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Here’s What the Second Stimulus Bill Means For Your Retirement Savings

At the turn of the year 2020, as part of the Consolidated Appropriations Act, Congress passed a successive COVID-19 relief bill, which was signed into law on 27th December. While many are touting the $600 stimulus check that comes from bill passing, it’s important to highlight the provisions that announce changes to your retirement account.

Shutterstock | Look out for a $600 check in your mailbox

For your retirement savings, here’s what the stimulus bill might mean.


… but laid off?

Many companies have vesting schemes to encourage employees to stay long term. Through these schemes, they continue contributing to each employee’s retirement account. In theory, an employee must stick with a company for a particular amount of time to get the full amount on their 401(k).

For most companies, 20% is added each year, which means your full match will be reached with a company in 5 years’ time. If an employee leaves the company, whether or not voluntarily, they are not entitled to the funds. However, in cases where a company endures partial termination, meaning a 20% lay off of company staff, employees could lay claim to their funds.

Therefore, with the mass lay-offs, we witnessed during the pandemic, if you were amongst the unlucky many who were fired last year, you could have potentially unlocked thousands of dollars in your 401(k).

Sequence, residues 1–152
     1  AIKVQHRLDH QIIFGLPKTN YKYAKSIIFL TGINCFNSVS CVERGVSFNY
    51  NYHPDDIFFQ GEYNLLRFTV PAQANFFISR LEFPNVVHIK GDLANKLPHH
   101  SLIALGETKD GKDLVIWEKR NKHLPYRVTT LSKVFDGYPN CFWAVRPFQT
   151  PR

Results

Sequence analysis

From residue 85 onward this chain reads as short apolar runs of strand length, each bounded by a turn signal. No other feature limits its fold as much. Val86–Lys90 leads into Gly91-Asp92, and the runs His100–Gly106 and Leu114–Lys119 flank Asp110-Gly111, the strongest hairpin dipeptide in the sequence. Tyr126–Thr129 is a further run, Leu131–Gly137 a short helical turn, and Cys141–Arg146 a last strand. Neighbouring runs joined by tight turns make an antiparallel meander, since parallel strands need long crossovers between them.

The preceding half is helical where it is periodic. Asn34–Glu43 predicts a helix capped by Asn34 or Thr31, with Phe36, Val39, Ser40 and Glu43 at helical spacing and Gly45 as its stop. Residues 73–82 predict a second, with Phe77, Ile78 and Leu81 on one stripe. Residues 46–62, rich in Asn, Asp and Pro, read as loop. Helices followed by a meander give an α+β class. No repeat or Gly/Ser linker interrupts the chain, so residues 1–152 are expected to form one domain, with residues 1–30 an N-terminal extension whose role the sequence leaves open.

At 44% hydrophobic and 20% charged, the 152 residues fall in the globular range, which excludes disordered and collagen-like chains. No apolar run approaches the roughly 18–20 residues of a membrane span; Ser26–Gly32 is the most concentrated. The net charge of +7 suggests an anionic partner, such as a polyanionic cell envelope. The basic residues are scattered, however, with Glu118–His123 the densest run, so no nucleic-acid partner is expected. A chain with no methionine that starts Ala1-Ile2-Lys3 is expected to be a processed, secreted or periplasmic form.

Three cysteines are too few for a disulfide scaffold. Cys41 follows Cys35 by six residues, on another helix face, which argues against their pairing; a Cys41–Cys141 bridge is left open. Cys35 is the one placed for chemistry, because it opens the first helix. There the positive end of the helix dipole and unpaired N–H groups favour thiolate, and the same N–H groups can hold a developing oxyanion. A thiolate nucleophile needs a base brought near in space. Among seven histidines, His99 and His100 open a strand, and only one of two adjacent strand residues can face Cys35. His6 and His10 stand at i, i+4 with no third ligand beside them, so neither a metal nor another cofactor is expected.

That is… until the bill was signed.

Shutterstock | Both houses of congress passed the act in December 2020

For the tax year 2020, the IRS rule has been relaxed under the Consolidated Appropriations Act 2021. Therefore, if a company can prove that they have 80% of the workforce they had as of 31st March 2020 by 31st March 2021, it will not be considered to have undergone partial termination. Terminated employees will have no right over the vested funds if companies comply with these rules.


…but faced other disasters, too?

Another bill that was brought into effect on 27th March 2020 was the CARES Act, which permitted penalty-free premature withdrawals or a larger-than-normal loan for 401(k) members. This, however, came with the risk of lower compound investment growth.

Unfortunately for Americans, the coronavirus wasn’t the only issue to be tackled as hurricane nor wildfire season seemed to take a break last year. Therefore, under the Consolidated Appropriations Act, people affected by natural disasters too could opt for a penalty (but not tax) free tax-advantaged retirement accounts or even larger-than-normal loans.

Shutterstock | Places left forlorn by natural disasters also received relief

Bottom Line

Last year was extremely hard on Americans- and not just because of the pandemic. The new bill aims to provide relief to both individuals and businesses, in whatever possible manner state agencies can manage. It’d be best to thoroughly peruse the Consolidated Appropriations Act to determine what kind of relief you are eligible for.

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